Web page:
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Service life assessment and moisture influence on composites from renewable feedstock
Luleå University of Technology, Department of Engineering Sciences and Mathematics, Material Science.
Luleå University of Technology, Department of Engineering Sciences and Mathematics, Material Science.
Luleå University of Technology, Department of Engineering Sciences and Mathematics, Material Science.
2012 (English)In: Proceedings of Mechanics of Composite Materials XVII International Conference, 2012Conference paper, Meeting abstract (Refereed)
Abstract [en]

Composite materials are an important and growing material group in a large number of industries such as aeronautics, marine, automotive, energy production and infrastructure. The most common composite materials is manufactured from fibres such as glass fibres and carbon fibres together with oil based resins i.e. polyester, vinyl ester and epoxy. An increasing use calls for alternative environmental friendly, biobased, constituents. The new biobased materials have not only to compete in mechanical properties but it also has to restrain environmental loads like moisture and temperature over time. In the present work are predictions of the long term properties of biobased resins made. The work also presents the influence of moisture, comparison with creep test data and comparison with oil based resin. The long term property prediction is made by using dynamic mechanical thermal analysis, DMTA, measurements and time temperature superposition, TTSP, [1,2]. The procedure is to make DMTA measurements in 3p-bening mode of the storage modulus at different frequencies at increasing temperature. The method used in this case was to measure the modulus at 0.1, 0.3, 1, 3 and 10 Hz at temperatures 25 – 175°C with 5°C intervals. The frequencies where then transformed to time by Eq. (1) below t=2/πω (1)where ω is the frequency. 25°C were chosen as reference temperature where as all other curves where shifted horizontally creating a continuous master curve. The modulus time master curve was then inverted creating creep compliance time master curve, this curve is compared to creep test. The moisture behaviour is characterised in form of water uptake, change in glass transition temperature, Tg, and change in dynamic response. The water uptake is determined by submersion into water and tracking the weight change over time. The glass transition temperature is determined in DMTA by conducting a temperature sweep at constant frequency. The change in Tg is used as a knock down factor and a vertical shift of the master curve. An attempt to determine the dynamic response of wet samples has also been made with the insight that higher temperatures will dry the sample during testing leading to a non homogenous moisture distribution within the sample. The results from the study show on differences between TTSP and creep data, it also shows the differences between different biobased resins and a comparison to oil based epoxy. REFERENCES1. Christensen R.M., “Theory of viscoelasticity, an introduction” 2nd edition, Academic Press, 1982.2. Ward I.M. and Hadley D.W., “An Introduction to the mechanical properties of solid polymers” 1st edition, John Wiley & Sons, 1993.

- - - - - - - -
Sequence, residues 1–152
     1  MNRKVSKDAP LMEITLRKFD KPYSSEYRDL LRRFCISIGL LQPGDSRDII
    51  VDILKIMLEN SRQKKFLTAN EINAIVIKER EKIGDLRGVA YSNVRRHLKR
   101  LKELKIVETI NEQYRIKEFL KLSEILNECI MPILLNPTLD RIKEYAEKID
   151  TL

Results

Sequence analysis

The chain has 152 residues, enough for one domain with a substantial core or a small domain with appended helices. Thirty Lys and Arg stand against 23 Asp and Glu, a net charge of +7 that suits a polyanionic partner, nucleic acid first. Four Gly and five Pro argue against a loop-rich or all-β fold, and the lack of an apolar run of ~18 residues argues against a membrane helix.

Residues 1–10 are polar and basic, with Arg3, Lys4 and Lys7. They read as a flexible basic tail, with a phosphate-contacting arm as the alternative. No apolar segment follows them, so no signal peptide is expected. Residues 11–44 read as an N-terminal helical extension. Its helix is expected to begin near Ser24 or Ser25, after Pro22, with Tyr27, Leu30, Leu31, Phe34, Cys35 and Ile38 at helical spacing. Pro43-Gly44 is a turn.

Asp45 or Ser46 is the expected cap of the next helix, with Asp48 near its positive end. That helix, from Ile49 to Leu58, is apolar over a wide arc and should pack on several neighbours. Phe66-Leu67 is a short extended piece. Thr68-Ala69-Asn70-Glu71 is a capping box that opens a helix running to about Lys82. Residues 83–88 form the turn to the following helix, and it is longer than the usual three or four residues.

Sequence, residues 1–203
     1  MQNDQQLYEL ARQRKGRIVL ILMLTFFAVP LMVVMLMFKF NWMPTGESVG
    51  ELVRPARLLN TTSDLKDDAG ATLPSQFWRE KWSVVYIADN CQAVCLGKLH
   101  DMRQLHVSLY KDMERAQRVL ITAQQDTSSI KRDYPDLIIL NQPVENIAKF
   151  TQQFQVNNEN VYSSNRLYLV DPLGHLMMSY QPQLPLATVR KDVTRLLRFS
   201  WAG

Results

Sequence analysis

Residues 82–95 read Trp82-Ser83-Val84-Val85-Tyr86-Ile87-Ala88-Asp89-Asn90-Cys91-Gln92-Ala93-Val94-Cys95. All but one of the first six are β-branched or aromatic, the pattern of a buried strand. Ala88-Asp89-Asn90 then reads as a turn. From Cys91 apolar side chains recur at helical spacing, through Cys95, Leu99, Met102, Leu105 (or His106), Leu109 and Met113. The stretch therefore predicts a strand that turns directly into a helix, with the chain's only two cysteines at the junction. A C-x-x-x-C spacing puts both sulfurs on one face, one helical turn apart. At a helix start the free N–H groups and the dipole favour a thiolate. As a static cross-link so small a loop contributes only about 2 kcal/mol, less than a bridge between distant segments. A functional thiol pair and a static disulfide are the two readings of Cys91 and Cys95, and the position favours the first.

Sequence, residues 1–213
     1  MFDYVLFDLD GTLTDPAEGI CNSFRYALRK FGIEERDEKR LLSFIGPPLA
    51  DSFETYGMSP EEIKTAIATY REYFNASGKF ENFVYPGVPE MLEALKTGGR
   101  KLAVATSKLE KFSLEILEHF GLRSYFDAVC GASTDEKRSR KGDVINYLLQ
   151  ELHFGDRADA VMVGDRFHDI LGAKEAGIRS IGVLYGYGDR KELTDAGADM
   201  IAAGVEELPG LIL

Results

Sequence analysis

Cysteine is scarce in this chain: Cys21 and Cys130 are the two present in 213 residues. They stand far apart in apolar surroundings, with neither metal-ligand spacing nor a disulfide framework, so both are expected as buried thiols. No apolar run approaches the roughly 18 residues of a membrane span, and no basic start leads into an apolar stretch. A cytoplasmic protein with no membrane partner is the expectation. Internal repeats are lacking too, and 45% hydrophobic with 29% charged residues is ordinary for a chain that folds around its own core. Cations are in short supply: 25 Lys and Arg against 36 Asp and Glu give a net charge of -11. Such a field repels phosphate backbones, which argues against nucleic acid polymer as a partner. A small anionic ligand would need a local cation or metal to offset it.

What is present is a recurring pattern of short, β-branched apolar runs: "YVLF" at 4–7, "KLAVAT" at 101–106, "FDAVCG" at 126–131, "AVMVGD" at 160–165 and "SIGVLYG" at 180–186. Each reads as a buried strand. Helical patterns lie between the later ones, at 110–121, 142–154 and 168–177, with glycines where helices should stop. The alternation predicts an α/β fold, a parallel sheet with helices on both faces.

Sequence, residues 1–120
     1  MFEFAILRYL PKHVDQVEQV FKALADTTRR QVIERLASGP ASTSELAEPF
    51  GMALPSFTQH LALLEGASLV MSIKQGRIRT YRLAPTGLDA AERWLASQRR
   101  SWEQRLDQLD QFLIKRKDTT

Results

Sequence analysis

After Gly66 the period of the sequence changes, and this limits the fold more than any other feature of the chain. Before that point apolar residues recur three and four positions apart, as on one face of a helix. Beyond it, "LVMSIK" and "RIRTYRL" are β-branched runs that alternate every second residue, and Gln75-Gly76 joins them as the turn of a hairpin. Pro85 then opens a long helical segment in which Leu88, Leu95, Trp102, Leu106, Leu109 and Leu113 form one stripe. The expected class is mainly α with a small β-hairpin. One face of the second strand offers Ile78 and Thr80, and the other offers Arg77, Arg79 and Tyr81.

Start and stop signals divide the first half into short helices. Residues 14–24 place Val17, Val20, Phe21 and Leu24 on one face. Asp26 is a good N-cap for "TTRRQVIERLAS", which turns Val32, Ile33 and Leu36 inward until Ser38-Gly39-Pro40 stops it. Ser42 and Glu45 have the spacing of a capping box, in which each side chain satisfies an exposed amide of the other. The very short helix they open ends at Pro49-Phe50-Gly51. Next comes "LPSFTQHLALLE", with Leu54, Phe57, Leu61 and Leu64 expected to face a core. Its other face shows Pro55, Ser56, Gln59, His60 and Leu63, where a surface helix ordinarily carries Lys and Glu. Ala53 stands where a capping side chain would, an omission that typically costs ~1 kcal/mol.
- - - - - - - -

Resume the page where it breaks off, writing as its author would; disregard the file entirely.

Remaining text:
Place, publisher, year, edition, pages
Research subject
Polymeric Composite Materials
URN: urn:nbn:se:ltu:diva-38280Local ID: ca023cbc-8b1d-4ad9-9da9-b616194b4f68OAI: diva2:1011779
International Conference Mechanics of Composite Materials : 28/05/2012 - 01/06/2012
Godkänd; 2012; 20120918 (joffe)Available from: 2016-10-03 Created: 2016-10-03Bibliographically approved

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